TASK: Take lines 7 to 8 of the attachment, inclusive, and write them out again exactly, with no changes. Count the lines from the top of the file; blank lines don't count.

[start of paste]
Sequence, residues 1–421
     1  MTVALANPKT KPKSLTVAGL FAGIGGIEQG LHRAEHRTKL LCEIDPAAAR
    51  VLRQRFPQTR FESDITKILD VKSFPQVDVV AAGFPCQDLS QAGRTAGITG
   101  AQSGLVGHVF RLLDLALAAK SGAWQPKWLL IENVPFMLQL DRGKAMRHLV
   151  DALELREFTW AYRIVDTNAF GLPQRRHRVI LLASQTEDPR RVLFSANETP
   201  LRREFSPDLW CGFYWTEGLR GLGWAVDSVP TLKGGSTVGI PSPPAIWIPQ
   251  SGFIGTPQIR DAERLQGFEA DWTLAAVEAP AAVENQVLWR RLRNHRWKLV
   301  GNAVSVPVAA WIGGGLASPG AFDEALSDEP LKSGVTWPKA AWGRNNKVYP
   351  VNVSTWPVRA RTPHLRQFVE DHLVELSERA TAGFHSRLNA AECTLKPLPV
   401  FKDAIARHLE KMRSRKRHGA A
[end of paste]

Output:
   251  SGFIGTPQIR DAERLQGFEA DWTLAAVEAP AAVENQVLWR RLRNHRWKLV
   301  GNAVSVPVAA WIGGGLASPG AFDEALSDEP LKSGVTWPKA AWGRNNKVYP